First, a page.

Anna Menyhért (VWI), Veerle Vanden Daelen (Kazerne Dossin), Giora Zwilling (Arolsen Archives)
Panel 5: „Ist das die echte Anne Frank?” – Perspektiven auf die Erzählung, Analyse und Vermittlung des Holocaust in den sozialen Medien
Chair: Mirjam Wilhelm (VWI)
Mia Berg (Ruhr Universität Bochum): #Demokratisierung – Holocaustgeschichte in sozialen Medien partizipativ erzählen und erforschen
Andrea Lorenz (Universität Hamburg): #Interdisziplinarität – Vergangenheitsbezogene Hate Speech in den sozialen Medien analysieren
Vanessa Eisenhardt (Bochum): #MeinNaziHintergrund – Soziale Medien als Möglichkeit, das Narrativ der kollektiven Unschuld aufzubrechen und anders zu vermitteln?
Panel 6: Re-shaping Holocaust narratives with digital technology
Chair: Éva Kovács (VWI)
Mykola Makhortykh (Universität Bern): Can an algorithm remember the Holocaust? Comparative algorithmic audit of Holocaust-related information on search engines
Wolfgang Schellenbacher (Dokumentationsarchiv des Österreichischen Widerstands): New Insights on the Holocaust in Austria from Geo-Referenced and Mapped Victims Databases
Sanna Stegmaier (King’s College London): Transnational convergences and implicated audiences of Holocaust memory in the first German-language interactive biography of the USC Shoah Foundation’s Dimensions in Testimony project
Panel 7: Virality and the remediation of Holocaust remembrance
Chair: Olaf Terpitz (Universität Graz)
Tomasz Łysak (University of Warsaw): Yolocaust or how to approach digital commemoration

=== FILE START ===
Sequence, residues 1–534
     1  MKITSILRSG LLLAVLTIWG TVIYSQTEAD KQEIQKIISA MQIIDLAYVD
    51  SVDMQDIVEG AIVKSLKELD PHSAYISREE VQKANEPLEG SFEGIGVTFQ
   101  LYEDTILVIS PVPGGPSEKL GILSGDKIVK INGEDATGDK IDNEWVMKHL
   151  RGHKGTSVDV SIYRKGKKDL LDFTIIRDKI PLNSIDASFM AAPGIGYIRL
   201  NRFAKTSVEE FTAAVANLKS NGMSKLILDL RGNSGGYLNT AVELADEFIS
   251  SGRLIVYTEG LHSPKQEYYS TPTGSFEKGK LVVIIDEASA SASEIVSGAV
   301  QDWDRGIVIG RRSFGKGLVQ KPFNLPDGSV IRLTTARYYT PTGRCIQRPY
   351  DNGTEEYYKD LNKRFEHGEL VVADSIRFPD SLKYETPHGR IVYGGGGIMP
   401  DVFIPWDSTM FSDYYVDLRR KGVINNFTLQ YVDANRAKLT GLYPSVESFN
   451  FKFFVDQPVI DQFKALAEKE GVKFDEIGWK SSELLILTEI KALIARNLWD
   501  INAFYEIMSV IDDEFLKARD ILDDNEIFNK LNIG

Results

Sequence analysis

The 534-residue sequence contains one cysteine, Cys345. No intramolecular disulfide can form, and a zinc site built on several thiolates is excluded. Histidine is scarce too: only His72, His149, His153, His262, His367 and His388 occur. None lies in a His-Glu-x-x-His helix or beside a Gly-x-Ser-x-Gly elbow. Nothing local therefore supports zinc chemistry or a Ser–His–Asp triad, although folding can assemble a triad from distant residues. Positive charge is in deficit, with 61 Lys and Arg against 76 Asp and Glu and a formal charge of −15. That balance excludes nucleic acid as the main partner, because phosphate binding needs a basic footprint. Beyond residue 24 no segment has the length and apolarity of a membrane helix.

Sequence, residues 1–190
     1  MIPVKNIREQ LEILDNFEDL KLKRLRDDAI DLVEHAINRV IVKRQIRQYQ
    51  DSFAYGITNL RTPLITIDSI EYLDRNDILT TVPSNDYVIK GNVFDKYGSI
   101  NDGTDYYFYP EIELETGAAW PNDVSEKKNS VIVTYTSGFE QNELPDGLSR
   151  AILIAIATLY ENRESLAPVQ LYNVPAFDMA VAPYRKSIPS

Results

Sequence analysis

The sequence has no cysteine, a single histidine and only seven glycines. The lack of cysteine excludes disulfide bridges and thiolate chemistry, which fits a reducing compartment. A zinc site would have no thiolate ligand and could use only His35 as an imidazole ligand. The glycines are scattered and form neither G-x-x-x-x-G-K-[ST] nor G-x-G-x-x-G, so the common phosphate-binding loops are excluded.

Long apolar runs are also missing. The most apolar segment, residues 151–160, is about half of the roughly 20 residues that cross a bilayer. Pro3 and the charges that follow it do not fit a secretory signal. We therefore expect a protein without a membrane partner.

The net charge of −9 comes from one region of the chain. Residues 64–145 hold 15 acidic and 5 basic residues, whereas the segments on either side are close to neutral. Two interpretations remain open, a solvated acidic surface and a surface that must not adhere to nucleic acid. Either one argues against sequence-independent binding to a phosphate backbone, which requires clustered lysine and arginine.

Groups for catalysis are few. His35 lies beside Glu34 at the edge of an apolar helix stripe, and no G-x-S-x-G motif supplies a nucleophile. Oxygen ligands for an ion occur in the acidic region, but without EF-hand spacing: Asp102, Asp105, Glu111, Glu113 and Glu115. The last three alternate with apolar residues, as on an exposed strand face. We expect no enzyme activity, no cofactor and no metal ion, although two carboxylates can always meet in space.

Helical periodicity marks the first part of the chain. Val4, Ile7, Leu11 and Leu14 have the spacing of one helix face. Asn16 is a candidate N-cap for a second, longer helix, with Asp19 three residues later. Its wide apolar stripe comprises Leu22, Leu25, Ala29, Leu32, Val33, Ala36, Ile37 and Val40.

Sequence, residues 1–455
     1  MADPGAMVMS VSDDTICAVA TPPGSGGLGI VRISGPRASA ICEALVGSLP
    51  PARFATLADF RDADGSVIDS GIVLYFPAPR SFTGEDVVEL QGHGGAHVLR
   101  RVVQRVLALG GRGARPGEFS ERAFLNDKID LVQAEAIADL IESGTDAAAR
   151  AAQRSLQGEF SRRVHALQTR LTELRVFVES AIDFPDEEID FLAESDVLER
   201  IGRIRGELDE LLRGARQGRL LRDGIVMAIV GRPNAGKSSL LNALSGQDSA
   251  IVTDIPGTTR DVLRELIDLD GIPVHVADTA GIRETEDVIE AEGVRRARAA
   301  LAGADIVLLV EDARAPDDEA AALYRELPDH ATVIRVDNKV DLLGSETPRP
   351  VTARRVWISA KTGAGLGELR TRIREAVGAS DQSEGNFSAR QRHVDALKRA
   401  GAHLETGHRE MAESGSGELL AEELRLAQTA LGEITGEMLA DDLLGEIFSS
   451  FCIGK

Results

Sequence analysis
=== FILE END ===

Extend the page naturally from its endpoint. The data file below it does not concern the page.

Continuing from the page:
Archie Wolfman (Queen Mary University of London): The dybbuk box as case-study of digital network memory of the Holocaust: From Yiddish folklore to Hollywood horror to Internet virality
Lital Henig (Hebrew University of Jerusalem): Relational Anne – The remediation of Holocaust diaries in digital media
Panel 8: Participatory Collaboration: Citizen Science in practice
Chair: Benjamin Grilj (Institut für jüdische Geschichte Österreichs)
Maria Visconti (Brazilian Center for Nazism and Holocaust Studies): Mediating and transmitting Holocaust memory on social media in Brazil
Giora Zwilling (Arolsen Archives): On #everynamecounts - a crowdsourcing initiative of the Arolsen Archives
Beth Dotan (University of Nebraska–Lincoln): The Impact of the Nebraska Collective Memory of the Holocaust via Digital Exploration
1 A selection of the recorded presentations is available at: https://www.uibk.ac.at/zeitgeschichte/connectedhistories2022/programm.html.de (12.09.2022).